"China is keen to work with Singapore at a new historical milestone to develop the friendship, strengthen political trust, deepen practical wide-ranging cooperation and lift bilateral ties to new heights," said the Chinese Executive Vice-Premier, according to a report by the official Xinhua news agency yesterday.

A statement from the Singapore Ministry of Foreign Affairs (MFA) said Mr Teo and Mr Zhang also affirmed the "substantive and multi-faceted cooperation" and agreed that "both sides should find innovative and path-breaking ways to bring our relations to greater heights".

Mr Teo and Mr Zhang co-chair the Joint Council for Bilateral Cooperation, the highest-level mechanism that meets yearly to deepen political ties and economic cooperation between the two sides. Both sides are exploring the possibility of a third government-led project, in the western China region, as proposed by Mr Zhang in 2013.

Mr Teo is on a visit to China which began on Tuesday and will end on Sunday.

He will host the China-Singapore Forum on Leadership tomorrow with the Communist Party's organisation department chief Zhao Leji.

Mr Teo is the minister in charge of the Singapore Civil Service while Mr Zhao oversees the personnel matters of party cadres.

The forum, which began in 2009, and which China and Singapore take turns to host, allows political leaders and senior officials of both countries to meet and discuss common challenges related to leadership development. It is being held for the first time in central Jiangxi province's Jinggangshan, which is known as the birthplace of the Chinese Red Army and cradle of the communist revolution.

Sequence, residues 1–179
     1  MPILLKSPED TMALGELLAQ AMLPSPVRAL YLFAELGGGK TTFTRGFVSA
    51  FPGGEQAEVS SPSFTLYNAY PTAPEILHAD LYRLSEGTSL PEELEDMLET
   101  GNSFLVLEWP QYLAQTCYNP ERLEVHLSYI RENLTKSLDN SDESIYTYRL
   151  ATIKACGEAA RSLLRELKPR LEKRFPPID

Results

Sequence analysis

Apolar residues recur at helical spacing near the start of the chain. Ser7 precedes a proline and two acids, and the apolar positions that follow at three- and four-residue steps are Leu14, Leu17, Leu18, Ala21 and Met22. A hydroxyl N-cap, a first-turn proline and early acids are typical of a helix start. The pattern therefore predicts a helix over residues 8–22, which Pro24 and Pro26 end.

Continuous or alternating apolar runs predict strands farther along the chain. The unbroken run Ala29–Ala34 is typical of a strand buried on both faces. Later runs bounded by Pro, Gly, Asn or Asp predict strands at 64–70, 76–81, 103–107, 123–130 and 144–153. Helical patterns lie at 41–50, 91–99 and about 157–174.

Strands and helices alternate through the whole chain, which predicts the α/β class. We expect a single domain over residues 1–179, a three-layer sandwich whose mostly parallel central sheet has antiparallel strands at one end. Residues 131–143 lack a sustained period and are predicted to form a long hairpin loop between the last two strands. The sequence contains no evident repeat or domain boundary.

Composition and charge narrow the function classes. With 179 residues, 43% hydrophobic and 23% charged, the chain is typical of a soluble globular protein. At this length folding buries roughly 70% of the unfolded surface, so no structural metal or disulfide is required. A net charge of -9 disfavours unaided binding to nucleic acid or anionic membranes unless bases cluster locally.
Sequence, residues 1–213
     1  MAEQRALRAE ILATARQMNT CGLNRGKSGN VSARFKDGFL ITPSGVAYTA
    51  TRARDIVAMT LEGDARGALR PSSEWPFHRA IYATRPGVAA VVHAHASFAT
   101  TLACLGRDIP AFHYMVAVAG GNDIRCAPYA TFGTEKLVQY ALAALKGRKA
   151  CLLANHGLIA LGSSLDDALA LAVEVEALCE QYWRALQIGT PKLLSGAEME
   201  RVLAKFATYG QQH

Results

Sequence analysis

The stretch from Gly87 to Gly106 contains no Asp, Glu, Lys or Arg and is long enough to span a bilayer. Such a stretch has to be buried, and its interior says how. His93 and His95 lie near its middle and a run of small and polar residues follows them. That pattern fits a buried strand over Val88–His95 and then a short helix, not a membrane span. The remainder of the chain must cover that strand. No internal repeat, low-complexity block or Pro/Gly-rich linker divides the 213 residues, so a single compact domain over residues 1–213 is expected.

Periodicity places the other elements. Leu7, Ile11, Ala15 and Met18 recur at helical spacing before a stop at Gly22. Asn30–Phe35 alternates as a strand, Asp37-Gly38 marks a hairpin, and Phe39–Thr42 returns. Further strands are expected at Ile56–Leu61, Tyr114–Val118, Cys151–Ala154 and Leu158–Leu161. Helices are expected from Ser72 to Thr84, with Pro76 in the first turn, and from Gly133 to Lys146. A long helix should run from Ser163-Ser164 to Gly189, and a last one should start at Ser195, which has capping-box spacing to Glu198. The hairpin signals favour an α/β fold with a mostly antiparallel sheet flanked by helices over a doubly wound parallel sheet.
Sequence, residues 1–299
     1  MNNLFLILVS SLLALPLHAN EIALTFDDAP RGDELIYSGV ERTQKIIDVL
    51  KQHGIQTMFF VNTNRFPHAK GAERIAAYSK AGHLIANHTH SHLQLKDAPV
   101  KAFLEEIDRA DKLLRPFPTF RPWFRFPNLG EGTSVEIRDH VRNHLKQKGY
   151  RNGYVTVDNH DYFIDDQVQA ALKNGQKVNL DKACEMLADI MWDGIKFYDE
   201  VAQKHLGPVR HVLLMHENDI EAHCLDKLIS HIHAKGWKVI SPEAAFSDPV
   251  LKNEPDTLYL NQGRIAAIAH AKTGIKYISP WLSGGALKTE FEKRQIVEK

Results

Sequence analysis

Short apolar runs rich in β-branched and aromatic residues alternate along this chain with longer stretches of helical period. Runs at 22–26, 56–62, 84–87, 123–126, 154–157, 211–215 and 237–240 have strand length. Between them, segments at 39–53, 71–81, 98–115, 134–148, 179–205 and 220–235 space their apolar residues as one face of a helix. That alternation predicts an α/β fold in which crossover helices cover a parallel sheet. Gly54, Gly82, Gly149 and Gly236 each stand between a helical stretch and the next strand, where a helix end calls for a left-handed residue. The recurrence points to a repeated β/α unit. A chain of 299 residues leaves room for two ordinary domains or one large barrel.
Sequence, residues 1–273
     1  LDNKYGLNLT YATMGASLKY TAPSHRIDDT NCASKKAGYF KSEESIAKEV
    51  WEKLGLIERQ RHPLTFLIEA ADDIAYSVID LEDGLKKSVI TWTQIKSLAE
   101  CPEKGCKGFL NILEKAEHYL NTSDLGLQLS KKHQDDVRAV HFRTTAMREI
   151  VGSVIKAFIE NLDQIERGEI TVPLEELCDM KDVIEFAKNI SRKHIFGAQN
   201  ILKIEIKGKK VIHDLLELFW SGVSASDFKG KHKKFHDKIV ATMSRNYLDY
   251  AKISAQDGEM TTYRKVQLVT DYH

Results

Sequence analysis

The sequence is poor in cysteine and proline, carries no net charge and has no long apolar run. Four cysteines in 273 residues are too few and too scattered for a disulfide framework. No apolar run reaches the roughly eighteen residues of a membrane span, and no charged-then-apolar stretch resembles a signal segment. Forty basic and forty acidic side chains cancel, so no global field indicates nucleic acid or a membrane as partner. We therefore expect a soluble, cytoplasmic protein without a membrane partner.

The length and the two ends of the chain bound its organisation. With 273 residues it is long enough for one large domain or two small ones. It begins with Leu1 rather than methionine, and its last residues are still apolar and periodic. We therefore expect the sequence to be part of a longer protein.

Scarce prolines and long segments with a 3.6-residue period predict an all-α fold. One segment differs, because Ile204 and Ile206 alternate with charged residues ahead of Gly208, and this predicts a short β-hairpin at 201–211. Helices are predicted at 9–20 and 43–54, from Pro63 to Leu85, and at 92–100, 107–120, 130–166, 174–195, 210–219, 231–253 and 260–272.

Earlier yesterday, Mr Teo also met State Councillor and Public Security Minister Guo Shengkun and discussed ways to tackle transnational threats such as terrorism and cybercrime.

Both Mr Zhang and Mr Guo also expressed their condolences over the death of Singapore's founding Prime Minister Lee Kuan Yew at the age of 91 on March 23.

In his meeting with Mr Guo, Mr Teo said that Mr Lee believed strongly that a strong China would be good for the region.

"He worked hard to integrate China into the region and ensure that all countries could benefit from its growth," he added.

Mr Teo's visit will also include Shanghai where he will attend the Singapore Day on Saturday to mark Singapore's 50th year of independence and pay a tribute to Mr Lee along with some 5,000 Singaporeans.